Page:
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Sunday, January 11, 2009

Memorable Sentence for a Memorable Weekend

A memorable weekend deserves a memorable thought.

And I’ve thought of a thought to use on my blog that probably shouldn’t be written, but I’m about to post it anyway.

It’s like having a plant you know you shouldn’t plant in your garden for any number of reasons… invasive; not suited to your climate; no room for it… but you plant it anyway.

There may be regrets. But still… the temptation…

Here it is…

A gardener should branch out, see what takes root and forms a new shoot, because it may perhaps flower and bear fruit, which could contain the seed of an idea, that if allowed to germinate, might lead the gardener beyond their own little patch of dirt into a greater garden where more ideas can be sown, which, once sprouted, could become a vine that if followed to its end, might lead to more riches than a compost bin bears in the fall.

Can you fit more “garden-y’ words into a sentence like that? I challenge you to come up with your own atrocious garden-y thought.

(Hey, it’s winter, what else is a gardener to do?)

*

It’s been a fun weekend, starting with reading about Garden Bloggers’ Bloom Day in The Austin Statesman. Many thanks to Renee Studebaker for “putting us in the paper” and spreading the word.

Then Elizabeth “forced” me to submit me to even more questions about bloom day for a post on Garden Rant. I loved all the comments, especially the one that recognized my “eccentric brilliance”.

Seriously, thank you to all who left many compliments and kind thoughts in the comments on Garden Rant, and thank you to both Renee and Elizabeth for the articles/posts.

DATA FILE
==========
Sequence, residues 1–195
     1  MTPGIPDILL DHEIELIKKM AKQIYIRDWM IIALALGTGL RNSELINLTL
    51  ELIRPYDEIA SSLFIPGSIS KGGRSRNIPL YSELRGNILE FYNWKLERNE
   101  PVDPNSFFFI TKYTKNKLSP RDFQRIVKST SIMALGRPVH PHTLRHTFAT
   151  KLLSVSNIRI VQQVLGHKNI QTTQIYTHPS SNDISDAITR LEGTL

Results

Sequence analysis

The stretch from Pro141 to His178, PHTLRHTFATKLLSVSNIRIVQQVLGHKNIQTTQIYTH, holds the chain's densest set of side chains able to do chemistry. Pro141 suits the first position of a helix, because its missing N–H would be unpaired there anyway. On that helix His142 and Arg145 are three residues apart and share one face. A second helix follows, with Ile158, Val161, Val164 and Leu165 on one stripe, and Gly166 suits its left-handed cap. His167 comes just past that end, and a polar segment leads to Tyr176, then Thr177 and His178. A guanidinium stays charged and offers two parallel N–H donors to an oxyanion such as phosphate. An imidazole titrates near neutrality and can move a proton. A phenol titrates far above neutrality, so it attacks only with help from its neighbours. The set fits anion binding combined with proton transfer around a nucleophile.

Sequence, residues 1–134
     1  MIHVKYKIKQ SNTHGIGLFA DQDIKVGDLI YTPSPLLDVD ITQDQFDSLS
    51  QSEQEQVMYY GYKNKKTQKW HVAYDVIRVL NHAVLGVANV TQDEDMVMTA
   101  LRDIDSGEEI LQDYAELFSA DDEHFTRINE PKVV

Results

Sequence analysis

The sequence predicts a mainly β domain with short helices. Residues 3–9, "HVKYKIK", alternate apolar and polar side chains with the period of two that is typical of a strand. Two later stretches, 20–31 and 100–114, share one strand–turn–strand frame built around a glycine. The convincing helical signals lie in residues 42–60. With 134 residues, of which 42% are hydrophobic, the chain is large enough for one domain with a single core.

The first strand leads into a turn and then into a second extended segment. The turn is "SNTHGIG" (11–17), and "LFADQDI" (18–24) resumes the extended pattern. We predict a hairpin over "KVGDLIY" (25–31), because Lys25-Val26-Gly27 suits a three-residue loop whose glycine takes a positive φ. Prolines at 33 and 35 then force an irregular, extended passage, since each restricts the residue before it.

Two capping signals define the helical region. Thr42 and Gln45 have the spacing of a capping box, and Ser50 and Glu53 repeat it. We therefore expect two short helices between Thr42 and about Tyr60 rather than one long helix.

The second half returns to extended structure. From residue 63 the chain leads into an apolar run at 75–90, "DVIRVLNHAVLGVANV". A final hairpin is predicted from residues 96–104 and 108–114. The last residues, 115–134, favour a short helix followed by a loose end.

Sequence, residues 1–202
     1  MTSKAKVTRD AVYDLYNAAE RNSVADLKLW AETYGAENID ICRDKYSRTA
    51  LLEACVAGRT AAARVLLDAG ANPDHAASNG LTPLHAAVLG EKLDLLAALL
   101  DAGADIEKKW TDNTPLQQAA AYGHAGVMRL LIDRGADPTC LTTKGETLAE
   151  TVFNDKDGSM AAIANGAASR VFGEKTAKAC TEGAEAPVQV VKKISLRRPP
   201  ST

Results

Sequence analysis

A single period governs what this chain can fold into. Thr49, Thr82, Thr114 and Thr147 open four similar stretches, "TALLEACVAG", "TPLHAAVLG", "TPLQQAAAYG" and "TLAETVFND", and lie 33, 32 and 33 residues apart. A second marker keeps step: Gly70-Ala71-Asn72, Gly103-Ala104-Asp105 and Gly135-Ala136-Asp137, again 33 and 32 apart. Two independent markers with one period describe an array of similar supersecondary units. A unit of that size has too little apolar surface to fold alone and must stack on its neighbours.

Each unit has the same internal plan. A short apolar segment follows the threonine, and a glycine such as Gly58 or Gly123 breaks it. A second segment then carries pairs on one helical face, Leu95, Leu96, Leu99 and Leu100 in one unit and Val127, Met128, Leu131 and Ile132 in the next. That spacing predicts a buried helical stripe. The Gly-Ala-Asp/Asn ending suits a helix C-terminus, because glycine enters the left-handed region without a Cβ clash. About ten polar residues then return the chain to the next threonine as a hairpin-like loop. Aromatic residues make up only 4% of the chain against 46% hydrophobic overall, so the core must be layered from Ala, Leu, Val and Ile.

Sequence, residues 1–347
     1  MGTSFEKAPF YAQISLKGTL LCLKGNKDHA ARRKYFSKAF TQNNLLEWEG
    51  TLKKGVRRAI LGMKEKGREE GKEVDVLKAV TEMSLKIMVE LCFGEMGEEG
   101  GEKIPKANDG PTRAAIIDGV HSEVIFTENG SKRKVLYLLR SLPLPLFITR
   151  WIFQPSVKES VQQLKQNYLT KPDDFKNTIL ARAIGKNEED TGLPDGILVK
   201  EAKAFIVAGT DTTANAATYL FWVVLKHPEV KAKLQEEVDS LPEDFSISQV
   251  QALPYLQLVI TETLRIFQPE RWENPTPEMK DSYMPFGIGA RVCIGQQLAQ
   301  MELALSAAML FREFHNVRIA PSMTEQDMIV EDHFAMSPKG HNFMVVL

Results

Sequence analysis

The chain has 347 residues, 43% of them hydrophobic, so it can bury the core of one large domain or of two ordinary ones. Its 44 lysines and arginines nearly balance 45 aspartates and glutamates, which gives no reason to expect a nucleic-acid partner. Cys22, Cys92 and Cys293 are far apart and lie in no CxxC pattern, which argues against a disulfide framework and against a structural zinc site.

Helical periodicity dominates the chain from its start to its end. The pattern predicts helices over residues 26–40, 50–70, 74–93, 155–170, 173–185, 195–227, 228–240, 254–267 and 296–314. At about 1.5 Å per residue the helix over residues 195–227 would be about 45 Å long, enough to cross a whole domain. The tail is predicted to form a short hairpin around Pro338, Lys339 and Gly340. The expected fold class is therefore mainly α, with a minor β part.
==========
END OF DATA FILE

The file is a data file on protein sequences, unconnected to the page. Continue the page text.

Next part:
Does anyone need me to remind them that Garden Bloggers’ Bloom Day is coming up this Thursday, the 15th?

*

Did you want to read that garden-y thought again while you think of your own? Here it is…

A gardener should branch out, see what takes root and forms a new shoot, because it may perhaps flower and bear fruit, which could contain the seed of an idea, that if allowed to germinate, might lead the gardener beyond their own little patch of dirt into a greater garden where more ideas can be sown, which, once sprouted, could become a vine that if followed to its end, might lead to more riches than a compost bin bears in the fall.

If you come up with a similiar thought, let me know. Mine contains about 14 garden-y words. (Gardener, branch, root, shoot, flower, fruit, seed, germinate, dirt, garden, sown, sprouted, vine, compost).

Shoot, I didn't include 'hoe' in that sentence!

*

I promise to return to regular blog posts, perhaps with actual information that another gardener might use, in the near future.

12 comments:

EAL said...

A fecund sentence, indeed!

I'll leave it to the same fellow bloggers who wrote such magnificent poetry on the theme of a Norfolk pine to answer this challenge.

Daffodil Planter said...

You had me going there, especially with the early rhymes of root/shoot/fruit. Sounds like a line of New Age greeting cards is on the horizon!

jodi said...